Eugenia Collier

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Eugenia W. Collier (born 1928)[1] is an African-American writer and critic best known for her 1969 short story "Marigolds", which won the Gwendolyn Brooks Prize for Fiction award. She was born in Baltimore, Maryland, USA.

Collier's collection, Breeder and Other Stories, was released in 1993.[2] She has also published a play, Ricky, based on her short story of the same name. Other texts that Collier has written or contributed to include Impressions in Asphalt: Images of Urban America (1999); A Bridge to Saying It Well (1970); Sweet Potato Pie (1972); Langston Hughes: Black Genius (1991); Afro-American Writing: An Anthology of Prose and Poetry (1992); and Modern Black Poets: A Collection of Critical Essays (1973). Her work has appeared in Negro Digest, Black World, TV Guide, Phylon, College Language Association Journal, and The New York Times.

Collier's "Marigolds" is one of the most widely read short stories in secondary-school English textbooks.[citation needed] Set against the backdrop of the Great Depression, the story describes the moment that the 14-year-old narrator, Lizabeth, comes of age. It is the moment she is first able to feel the pain of another human being, and Collier's narrative argues that innocence and compassion cannot exist in the same person.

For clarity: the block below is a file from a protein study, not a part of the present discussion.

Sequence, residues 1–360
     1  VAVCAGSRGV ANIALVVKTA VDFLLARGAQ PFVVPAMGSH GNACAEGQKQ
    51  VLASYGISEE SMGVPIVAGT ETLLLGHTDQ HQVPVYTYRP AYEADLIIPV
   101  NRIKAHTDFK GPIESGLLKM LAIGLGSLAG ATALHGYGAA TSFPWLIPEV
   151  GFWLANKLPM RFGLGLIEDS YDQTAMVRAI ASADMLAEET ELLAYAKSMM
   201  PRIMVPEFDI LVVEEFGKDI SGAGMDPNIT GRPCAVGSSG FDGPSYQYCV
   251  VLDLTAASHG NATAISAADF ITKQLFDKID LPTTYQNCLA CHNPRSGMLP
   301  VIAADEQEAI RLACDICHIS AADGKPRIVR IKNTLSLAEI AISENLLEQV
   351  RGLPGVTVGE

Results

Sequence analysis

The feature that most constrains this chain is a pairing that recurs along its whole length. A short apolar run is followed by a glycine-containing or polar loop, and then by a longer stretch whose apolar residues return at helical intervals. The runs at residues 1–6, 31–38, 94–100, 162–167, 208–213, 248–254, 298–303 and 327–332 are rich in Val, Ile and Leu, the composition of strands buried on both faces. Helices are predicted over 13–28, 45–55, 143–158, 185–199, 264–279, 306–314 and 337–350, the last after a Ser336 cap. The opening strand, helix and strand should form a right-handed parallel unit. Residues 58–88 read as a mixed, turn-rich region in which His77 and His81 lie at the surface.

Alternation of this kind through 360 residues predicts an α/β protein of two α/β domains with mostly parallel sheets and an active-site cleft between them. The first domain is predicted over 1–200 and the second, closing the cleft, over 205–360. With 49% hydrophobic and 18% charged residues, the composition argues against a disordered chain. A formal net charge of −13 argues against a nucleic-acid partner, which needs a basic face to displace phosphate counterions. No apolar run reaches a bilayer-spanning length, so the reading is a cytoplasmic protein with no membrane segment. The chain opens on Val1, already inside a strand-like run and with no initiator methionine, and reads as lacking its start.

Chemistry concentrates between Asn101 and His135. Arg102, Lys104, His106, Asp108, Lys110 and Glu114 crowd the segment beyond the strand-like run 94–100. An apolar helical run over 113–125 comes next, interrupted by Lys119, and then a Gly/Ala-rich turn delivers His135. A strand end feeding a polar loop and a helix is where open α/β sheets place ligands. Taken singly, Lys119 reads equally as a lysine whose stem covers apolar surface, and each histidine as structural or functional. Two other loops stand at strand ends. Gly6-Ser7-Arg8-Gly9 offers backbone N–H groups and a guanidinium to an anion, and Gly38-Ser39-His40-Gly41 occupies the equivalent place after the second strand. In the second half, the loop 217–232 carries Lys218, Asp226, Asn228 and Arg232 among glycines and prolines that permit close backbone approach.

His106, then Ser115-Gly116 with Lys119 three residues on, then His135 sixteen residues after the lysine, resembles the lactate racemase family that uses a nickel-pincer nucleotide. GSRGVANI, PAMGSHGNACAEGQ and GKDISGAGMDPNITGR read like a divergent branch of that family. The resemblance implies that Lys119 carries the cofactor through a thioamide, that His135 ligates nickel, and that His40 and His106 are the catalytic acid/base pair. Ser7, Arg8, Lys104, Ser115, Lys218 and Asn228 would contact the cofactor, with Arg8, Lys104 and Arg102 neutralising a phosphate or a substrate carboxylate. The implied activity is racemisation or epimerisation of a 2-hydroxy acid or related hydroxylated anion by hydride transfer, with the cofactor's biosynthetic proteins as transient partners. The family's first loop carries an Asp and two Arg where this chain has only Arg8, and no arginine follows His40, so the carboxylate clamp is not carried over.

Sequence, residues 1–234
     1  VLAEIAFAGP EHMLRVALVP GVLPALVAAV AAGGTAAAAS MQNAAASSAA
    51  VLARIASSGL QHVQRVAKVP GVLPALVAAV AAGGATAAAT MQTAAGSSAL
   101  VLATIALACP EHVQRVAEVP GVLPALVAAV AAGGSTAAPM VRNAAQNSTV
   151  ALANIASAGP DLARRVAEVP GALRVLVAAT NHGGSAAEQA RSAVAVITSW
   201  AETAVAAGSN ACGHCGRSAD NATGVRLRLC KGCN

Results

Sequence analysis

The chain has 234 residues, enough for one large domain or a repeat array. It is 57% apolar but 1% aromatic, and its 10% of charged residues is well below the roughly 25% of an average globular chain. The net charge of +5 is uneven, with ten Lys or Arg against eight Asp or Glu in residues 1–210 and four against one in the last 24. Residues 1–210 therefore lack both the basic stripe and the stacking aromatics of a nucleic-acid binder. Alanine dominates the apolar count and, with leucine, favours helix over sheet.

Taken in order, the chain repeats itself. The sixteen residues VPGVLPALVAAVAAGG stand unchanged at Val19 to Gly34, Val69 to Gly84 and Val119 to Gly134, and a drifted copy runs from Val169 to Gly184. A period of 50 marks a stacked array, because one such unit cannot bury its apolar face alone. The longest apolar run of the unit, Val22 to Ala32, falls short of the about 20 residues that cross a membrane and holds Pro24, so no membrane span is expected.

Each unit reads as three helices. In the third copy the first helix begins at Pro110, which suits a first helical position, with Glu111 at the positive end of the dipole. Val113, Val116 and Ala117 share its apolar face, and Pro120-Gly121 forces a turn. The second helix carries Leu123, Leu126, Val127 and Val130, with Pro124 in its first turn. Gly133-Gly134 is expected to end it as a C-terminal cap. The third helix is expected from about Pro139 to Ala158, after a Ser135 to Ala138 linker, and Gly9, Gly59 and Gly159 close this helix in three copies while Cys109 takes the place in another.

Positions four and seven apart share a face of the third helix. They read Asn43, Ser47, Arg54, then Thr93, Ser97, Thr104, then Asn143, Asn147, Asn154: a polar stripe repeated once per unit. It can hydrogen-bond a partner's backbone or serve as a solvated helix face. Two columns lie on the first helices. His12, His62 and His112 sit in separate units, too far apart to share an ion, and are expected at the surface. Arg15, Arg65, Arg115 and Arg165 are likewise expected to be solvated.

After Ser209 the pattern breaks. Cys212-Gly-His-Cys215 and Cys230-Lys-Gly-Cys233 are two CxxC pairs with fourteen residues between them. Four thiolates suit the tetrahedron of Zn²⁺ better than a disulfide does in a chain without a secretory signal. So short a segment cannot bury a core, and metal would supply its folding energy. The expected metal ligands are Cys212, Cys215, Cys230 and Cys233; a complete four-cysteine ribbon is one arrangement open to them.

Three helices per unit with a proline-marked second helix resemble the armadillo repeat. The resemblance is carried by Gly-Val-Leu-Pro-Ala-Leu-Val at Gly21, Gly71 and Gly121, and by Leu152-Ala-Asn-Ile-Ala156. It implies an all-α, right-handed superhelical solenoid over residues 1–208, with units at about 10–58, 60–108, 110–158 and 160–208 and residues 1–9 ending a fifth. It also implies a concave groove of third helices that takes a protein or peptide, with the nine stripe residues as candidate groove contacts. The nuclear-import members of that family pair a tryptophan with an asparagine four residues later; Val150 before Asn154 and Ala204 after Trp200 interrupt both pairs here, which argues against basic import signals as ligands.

The former English Chair at Morgan State University, Collier has also taught at Coppin State College (now University), the University of Maryland, Howard University, Southern Illinois University, and Atlanta University. She graduated magna cum laude from Howard University in 1948, and was awarded an M.A. from Columbia University two years later. In 1976, she earned a Ph.D. from the University of Maryland.[1]

Since retiring in 1996, Collier continues to live in Baltimore, and occasionally visits classes to discuss creative writing and her stories.


  1. ^ a b Yolanda Williams Page, ed. (2007). Encyclopedia of African American Women Writers. Greenwood Publishing Group. p. 103. ISBN 9780313334290. 
  2. ^ "Eugenia Collier Breeder and other stories". Baltimore Afro-American. 10 September 1994. pp. B4. Retrieved 30 March 2010.